"intuitive forager" "farmers markets" "downtown 3rd" "las vegas” “farm to table” “fresh produce” “support small farms” “support local” “farmers market” “organic” “non gmo” “how to cook” “health benefits” “cooking with” “greens” “go for greens” “fresh greens” "chicories" "chicory greens" "castelfranco" "castelfranco chicory" "castelfranco chicories" "castelfranco greens"Castelfranco Radicchio – Is a cross between Escarole and radicchio Trevisano, and features round slightly open heads with tender pale green to creamy white leaves generously splashed with violet and burgundy. It’s delicate yet crisp and has a mellowed bitter flavor with sweet undertones, making it a great choice as a fresh green in salads.

 

 

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Treviso Radicchio – Also known as Rosso de Treviso, it’s a mild radicchio and forms similar to a Belgian Endive, featuring elongated leaves of reddish purple with white ribs. It provides a good mixture of both texture, with its crisp robust leaves, and earthy flavor – with its more mild pungency than most other varietals. It’s elongated shape also makes it a unique vessel for plating.

 

 

The bitterness and/or spice of chicories can be a turn-off to some people, especially if they are expecting the mild, grassy, or nutty flavor typical of Lettuce varieties – however, when combined with the right ingredients Chicories can offer a rich and sophisticated layer of flavoring not found in other Greens. When used raw, Chicories make a great addition to salads, adding not only a complex and peppered bite but a unique texture and great color to the plate as well. The sturdiness of the leaves of most varietals means they also hold up well to heavy or warm dressings, and wont typically wilt.

Chicories pair particularly well with other strong flavors, especially salty ones (as salt cuts some of the perception of bitter flavors), so think of making salads with ingredients like Bacon or Prosciutto, or adding sharper cheeses like Blue, Gorgonzola, Asiago, or Feta. Also, especially Escarole in particular, makes a great sandwich green, or try using it instead of bread as a wrap. Speaking of which, the whole fresh leaves of Palla Rossa and Treviso Radicchio, as well as Escarole and Belgian Endives can all be used as wraps or as a “cup” or “bowl” for other ingredients and dishes.

The bitter spiciness of Chicories mellows when they are cooked, transforming the flavor towards their more nutty and earthy undertones. The majority of Chicories have robust and hearty leaves, and hold up well to sauteeing, grilling, and braising – maintaining their integrity and crispness. They can also be chopped or slow cooked into soups, stews, or risottos.  In Italy Radicchio is a common ingredient in risottos, as well as on its own as a side dish or appetizer, when its simply grilled and drizzled with olive oil.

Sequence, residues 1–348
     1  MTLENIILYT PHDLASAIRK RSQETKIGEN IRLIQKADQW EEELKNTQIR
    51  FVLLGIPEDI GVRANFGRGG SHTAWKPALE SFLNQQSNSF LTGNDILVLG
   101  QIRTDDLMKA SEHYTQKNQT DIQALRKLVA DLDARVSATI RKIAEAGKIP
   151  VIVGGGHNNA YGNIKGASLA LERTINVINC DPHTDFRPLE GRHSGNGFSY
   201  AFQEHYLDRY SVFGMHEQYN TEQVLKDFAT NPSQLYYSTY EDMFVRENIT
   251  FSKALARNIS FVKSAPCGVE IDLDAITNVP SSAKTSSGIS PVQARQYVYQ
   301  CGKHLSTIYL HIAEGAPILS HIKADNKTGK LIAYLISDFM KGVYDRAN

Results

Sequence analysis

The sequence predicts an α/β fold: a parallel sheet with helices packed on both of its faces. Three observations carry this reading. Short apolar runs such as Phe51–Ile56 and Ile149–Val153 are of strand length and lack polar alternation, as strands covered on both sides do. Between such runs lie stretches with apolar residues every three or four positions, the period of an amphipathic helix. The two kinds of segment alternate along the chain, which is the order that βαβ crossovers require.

Feeling ready to try some Chicory Recipes? We’ve scoured the web for some of our favorite recipes that utilize some of the pairings we mentioned along with other favorite produce ingredients. First up we’ll cover salads, then on to a few cooked Chicory entrees and side dishes:

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Clockwise from upper left:

Arugula, Radicchio, and Fennel Salad:

http://www.saveur.com/article/recipes/arugula-radicchio-and-fennel-salad

Grilled Pear, Chicory, and Endive Salad:

http://www.myrecipes.com/recipe/grilled-pear-chicory-endive-salad

Escarole and Seared Radicchio Salad w/Pecan Vinaigrette:

http://www.bonappetit.com/recipe/escarole-and-seared-radicchio-salad-with-pecan-vinaigrette

Shaved Cauliflower and Radicchio Salad:

http://www.saveur.com/article/recipes/shaved-cauliflower-and-radicchio-salad

Charred Escarole Salad:

http://www.saveur.com/charred-escarole-salad-recipe

Mixed Chicories with Persimmons:

http://www.marthastewart.com/857654/mixed-chicories-persimmons

 

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Clockwise from upper left:

Oven Braised Endive with Gremolata:

http://www.healthygreenkitchen.com/oven-braised-endive-with-gremolata.html

Roasted Chicory with Garlic and Pine Nuts:

https://www.diabetes.org.uk/Guide-to-diabetes/Recipes/Roasted-chicory/

Grilled Chicory with Pomegranate Molasses:

http://www.deliciousmagazine.co.uk/recipes/grilled-chicory-with-pomegranate-molasses/

Braised Chicory with Radish:

http://ritual-cuisine.com/wordpress/?p=1466

 

 

 

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Get Exploratory this Spring with Sorrel

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Green Sorrel

This most common varietal of Sorrel is also often referred to as Garden Sorrel or Common Sorrel. Recognizable by its bright green long and arrow shaped leaves, this Herb doubles as a Lettuce/Salad Green. Sorrel is known for its bright, sharp, and uniquely lemony tang flavor, giving it its nickname of “Sour Grass”. The sour tang is due to the herbs high oxalic acid content. It’s been cultivated as an eating plant for thousands of years, and was very common during the middle ages across Europe – at the time Citrus hadn’t made its way from East yet, and so Sorrel was the primary ingredient to add a tang or sour flavor to dishes. Once Citrus made its global spread however, Sorrel became used less and less – before making a comeback on the tail end of the earlier Farm-to-Table movement in the 60’s & 70’s and maintaining its upward trend every since.